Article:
Corporate Hitman's Top 10 Tips For Trashing Progressives And Their Causes

Rick Berman, the king of corporate front groups and propaganda, has been caught on tape detailing his attacks on public-interest groups in the labor and environmental movements, including on efforts to increase the minimum wage for workers.  


As noted in a story by Eric Lipton at The New York Times, Berman and a colleague met with energy company executives at Colorado Springs’ posh Broadmoor Hotel in June to raise money from them to attack groups representing citizens concerned about clean water, clean air, and the future of the planet.

But Berman's "win ugly" tactics apparently did not persuade all of his prospective clients for his lucrative business of creating tax-exempt non-profit front groups that then contract with his for-profit PR firm to give corporations cover for his attacks on their opponents. The way Berman profits from this arrangement has spawned a legal complaint to the IRS.

An audio tape of Berman and his associate, Jack Hubbard, has been provided by a person at the Broadmoor event to the Center for Media and Democracy, which publishes PRWatch and has long tracked Berman's deceptive PR operations

Readers can listen to the full tape here and read the transcript here.

Berman Explains His Playbook

Preaching to his audience, Berman’s remarks reveal a kind of Ten Commandments from the Dr. Evil playbook:

1. "Screw" your enemy. Berman boasted about his obsession with unions and his attack on their efforts to raise the minimum wage for American workers: "I get up every morning and I try and figure out how to screw with the labor unions."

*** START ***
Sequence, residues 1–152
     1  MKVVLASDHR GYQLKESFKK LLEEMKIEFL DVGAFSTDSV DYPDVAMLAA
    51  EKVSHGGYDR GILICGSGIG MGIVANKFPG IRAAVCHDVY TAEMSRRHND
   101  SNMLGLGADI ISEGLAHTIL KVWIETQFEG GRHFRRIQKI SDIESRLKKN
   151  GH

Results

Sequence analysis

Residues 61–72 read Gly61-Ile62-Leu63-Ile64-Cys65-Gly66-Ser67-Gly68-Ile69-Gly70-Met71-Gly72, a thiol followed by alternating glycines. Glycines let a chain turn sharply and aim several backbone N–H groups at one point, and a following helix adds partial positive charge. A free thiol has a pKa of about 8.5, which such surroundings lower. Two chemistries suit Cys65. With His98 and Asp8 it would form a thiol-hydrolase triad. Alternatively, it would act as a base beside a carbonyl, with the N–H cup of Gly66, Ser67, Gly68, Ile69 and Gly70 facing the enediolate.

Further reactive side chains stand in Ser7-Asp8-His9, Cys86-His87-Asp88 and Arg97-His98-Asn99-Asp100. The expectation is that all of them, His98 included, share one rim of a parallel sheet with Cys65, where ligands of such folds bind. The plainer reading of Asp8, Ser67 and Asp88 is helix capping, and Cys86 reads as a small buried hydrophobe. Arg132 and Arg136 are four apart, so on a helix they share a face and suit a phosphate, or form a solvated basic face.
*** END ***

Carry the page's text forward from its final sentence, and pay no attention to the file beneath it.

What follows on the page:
2. "Marginalize" your opponents. Berman described his tactics against public interest groups: "Wherever possible I like to use humor to minimize or marginalize the people on the other side."

3. "Demolish the moral authority" of powerful public interest voices. "I got George McGovern to come out and say that unions were wrong. I represent some alcohol companies, I got Candy Lightner, who started Mothers Against Drunk Driving, to come out and say that MADD was overreaching and that she endorsed our position, our client position, rather than the MADD position. That is a demolishing of moral authority."

4. "Make it personal." Berman's associate Hubbard described how they go after concerned citizens who dare to challenge their clients: "We do have a section on every single activist. Their rap sheets, their criminal records they have. We’re really making this personal. We’re trying to make it so they don't have any credibility with the public, with the media, or with the legislators."

5. "Brand" whole movements as "not credible." Berman & Co. detailed their game plan to try to marginalize people concerned about fracking, as noted by Bloomberg media: "What we wanted to do is that we wanted to brand the entire movement behind this as not being credible, and anti-science."

6. Being "nasty" wins. Berman shakes off concerns that his activities are too nasty or aggressive, saying "you can either win ugly or lose pretty."